Friends Don’t Let Stupid Friends Vote. Here’s How.

Know how Ted Cruz won Utah with 69% of the vote? And won most of the caucuses handily? And most of the Republican-only primaries? 

Conservative Review’s Daniel Horowitz has offered a brilliant, near-term, totally doable solution to the problem of a “Dancing With the Stars” electorate, and it doesn’t involve any odious “literacy tests”… except it sort of does.

He offers what we may one day call “The Utah Solution” to stupid people voting and fouling up our Republic. He makes who votes bottom-up+self-selecting rather than top-down+we-know-what’s-best-selecting. He envisions a system 100% open to anyone who cares to participate yet by its very nature, separates the wheat from the chaff.

I offer a few salient paragraphs below, as it’s a long read, but when you have fresh coffee, take some time with it and read the whole thing. It’s great.


By: Daniel Horowitz | June 02, 2016
…Until 1912, most states still used the convention method during presidential elections, but that changed with the emergence of Teddy Roosevelt as the progressive leader. As Professor Sidney Milkis, a noted scholar on the progressive era, observed, Roosevelt’s “crusade made universal use of the direct primary, a cause célèbre.” Roosevelt went on to win most of the primaries, but conservative Howard Taft won the states that still had conventions and therefore won the party’s nomination at the national convention. However, Roosevelt’s views lived on through the election of Woodrow Wilson. It’s no coincidence that progressives succeeded at changing the nominating process precisely as the “newly emergent mass media” became dominant in our political culture, as Milkis puts it.

Sound familiar to our time? Mass media and campaign advertisements determining the nominee among “the people?” As one groups of political scientists declared in a 2004 study on the effects of direct primaries, “the direct primary stands as one of the most significant and distinctive political reforms of the Progressive era in America.” While the 17th Amendment is what allowed progressives to ensure half the country would elect senators in line with the views the elites use to manipulate the masses, the institution of direct primaries ensured that even in conservative states only progressive Republicans would be able to survive the money/media/name recognition juggernaut. 100 years later, with a progressive oligarchy in Washington, they can declare mission accomplished.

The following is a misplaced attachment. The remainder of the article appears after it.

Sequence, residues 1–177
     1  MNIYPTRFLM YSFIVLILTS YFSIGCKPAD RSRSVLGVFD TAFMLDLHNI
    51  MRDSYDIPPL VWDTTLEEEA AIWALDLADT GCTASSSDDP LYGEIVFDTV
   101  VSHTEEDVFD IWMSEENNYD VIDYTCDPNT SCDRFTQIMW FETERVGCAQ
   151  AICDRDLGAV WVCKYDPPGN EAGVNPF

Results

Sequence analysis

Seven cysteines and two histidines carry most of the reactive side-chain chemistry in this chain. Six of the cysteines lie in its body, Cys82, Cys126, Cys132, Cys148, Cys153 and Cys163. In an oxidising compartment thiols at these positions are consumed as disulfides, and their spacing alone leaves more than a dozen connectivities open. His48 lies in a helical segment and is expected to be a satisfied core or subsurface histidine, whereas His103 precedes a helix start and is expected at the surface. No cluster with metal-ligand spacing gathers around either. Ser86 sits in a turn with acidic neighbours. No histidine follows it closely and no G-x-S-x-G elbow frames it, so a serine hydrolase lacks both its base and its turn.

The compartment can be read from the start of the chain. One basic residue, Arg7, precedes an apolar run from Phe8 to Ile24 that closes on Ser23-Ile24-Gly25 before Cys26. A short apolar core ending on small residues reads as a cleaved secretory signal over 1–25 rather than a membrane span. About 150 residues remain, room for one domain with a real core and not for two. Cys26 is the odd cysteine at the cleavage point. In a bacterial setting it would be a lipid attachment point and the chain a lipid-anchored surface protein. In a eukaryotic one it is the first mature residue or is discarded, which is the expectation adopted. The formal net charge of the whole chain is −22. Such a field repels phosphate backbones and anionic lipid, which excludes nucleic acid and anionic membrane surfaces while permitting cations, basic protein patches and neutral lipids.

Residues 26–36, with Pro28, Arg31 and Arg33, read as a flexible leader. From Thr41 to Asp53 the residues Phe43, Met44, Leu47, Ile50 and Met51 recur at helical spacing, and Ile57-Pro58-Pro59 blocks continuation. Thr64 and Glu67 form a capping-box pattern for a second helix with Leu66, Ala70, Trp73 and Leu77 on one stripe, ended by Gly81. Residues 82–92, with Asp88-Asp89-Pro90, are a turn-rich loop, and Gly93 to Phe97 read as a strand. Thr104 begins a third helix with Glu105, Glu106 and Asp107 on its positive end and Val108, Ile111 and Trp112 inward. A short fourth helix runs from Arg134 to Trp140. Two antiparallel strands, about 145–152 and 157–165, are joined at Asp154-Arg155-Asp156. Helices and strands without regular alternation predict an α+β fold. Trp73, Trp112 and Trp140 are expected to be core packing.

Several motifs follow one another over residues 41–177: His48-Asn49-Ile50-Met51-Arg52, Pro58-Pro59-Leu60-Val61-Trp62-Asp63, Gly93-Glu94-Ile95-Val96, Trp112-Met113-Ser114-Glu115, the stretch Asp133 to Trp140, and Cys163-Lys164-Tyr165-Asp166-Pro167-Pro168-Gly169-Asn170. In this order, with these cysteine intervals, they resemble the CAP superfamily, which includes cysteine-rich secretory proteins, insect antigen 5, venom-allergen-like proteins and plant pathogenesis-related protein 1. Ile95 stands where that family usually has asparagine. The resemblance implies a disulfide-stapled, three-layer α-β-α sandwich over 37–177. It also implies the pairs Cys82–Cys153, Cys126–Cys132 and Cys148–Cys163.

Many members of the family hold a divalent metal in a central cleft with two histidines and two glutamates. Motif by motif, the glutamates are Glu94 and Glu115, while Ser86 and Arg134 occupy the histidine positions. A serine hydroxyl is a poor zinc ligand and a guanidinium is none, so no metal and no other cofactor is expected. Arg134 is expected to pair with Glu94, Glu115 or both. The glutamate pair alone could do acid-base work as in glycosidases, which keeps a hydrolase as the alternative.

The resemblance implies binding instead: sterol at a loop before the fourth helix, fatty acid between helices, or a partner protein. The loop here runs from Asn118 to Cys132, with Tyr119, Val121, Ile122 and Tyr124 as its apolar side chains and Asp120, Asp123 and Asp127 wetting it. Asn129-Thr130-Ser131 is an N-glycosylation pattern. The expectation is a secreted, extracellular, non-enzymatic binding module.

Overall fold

But Aren’t Conventions Smoked Filled Rooms?

Progressive proponents of direct popular vote primaries complain that conventions allow the party hacks to choose the nominees behind the doors of “smoke filled rooms” without the input of the people. And undoubtedly in some states in the 1800s that is exactly what happened. But the convention model we are speaking of – “the Utah style convention” – achieves the perfect middle ground between the tyranny at both ends of the spectrum from oligarchy to pure democracy.

In Utah, every neighborhood holds a caucus meeting where people who are familiar with each other debate and discuss the races at hand. They select a delegate to represent the precinct at the convention. In the Beehive State, there are 4,000 delegates – all selected by the people in a process that tends to attract high information voters. This is true representative democracy our Founders envisioned, one which would foster an informed patriotism.

The benefits of representative conventions to choose party nominees include the following:

In most states the selection process would be dominated by grassroots activists.
Money and media would play a relatively minimal role in choosing the nominee.
Conservatives could put numerous Senate seats and dozens of House seats in play per cycle in the 25 more conservative states. The threat of numerous senators and House members in the South and Great Plains knowing that a Mike Lee-style conservative could down them at a convention the same way Senator Bob Bennett was defeated in Utah could instantly change their behavior. At present, primary challenges are so unsuccessful they rarely serve as a deterrent in the long-run.